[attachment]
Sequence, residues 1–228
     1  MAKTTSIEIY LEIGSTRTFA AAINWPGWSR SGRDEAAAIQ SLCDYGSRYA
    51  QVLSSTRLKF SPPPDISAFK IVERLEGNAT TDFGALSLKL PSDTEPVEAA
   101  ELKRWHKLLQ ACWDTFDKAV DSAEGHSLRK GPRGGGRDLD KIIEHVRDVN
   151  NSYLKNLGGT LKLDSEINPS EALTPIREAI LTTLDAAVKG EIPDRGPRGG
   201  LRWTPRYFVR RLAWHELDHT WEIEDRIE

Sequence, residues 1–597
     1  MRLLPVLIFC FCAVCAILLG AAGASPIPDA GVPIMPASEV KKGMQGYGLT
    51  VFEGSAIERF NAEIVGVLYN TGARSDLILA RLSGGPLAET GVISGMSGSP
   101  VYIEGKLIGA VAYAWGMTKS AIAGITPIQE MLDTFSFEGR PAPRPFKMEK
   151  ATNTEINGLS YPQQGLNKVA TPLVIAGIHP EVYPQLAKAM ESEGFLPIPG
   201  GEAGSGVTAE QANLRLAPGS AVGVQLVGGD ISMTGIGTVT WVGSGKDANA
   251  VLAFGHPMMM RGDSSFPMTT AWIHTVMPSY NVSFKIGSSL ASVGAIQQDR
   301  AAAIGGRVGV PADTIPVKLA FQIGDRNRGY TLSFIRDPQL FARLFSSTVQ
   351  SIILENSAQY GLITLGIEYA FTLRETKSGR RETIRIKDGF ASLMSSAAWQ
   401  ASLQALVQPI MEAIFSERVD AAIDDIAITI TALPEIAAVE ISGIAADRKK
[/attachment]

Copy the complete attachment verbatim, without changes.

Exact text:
Sequence, residues 1–228
     1  MAKTTSIEIY LEIGSTRTFA AAINWPGWSR SGRDEAAAIQ SLCDYGSRYA
    51  QVLSSTRLKF SPPPDISAFK IVERLEGNAT TDFGALSLKL PSDTEPVEAA
   101  ELKRWHKLLQ ACWDTFDKAV DSAEGHSLRK GPRGGGRDLD KIIEHVRDVN
   151  NSYLKNLGGT LKLDSEINPS EALTPIREAI LTTLDAAVKG EIPDRGPRGG
   201  LRWTPRYFVR RLAWHELDHT WEIEDRIE

Sequence, residues 1–597
     1  MRLLPVLIFC FCAVCAILLG AAGASPIPDA GVPIMPASEV KKGMQGYGLT
    51  VFEGSAIERF NAEIVGVLYN TGARSDLILA RLSGGPLAET GVISGMSGSP
   101  VYIEGKLIGA VAYAWGMTKS AIAGITPIQE MLDTFSFEGR PAPRPFKMEK
   151  ATNTEINGLS YPQQGLNKVA TPLVIAGIHP EVYPQLAKAM ESEGFLPIPG
   201  GEAGSGVTAE QANLRLAPGS AVGVQLVGGD ISMTGIGTVT WVGSGKDANA
   251  VLAFGHPMMM RGDSSFPMTT AWIHTVMPSY NVSFKIGSSL ASVGAIQQDR
   301  AAAIGGRVGV PADTIPVKLA FQIGDRNRGY TLSFIRDPQL FARLFSSTVQ
   351  SIILENSAQY GLITLGIEYA FTLRETKSGR RETIRIKDGF ASLMSSAAWQ
   401  ASLQALVQPI MEAIFSERVD AAIDDIAITI TALPEIAAVE ISGIAADRKK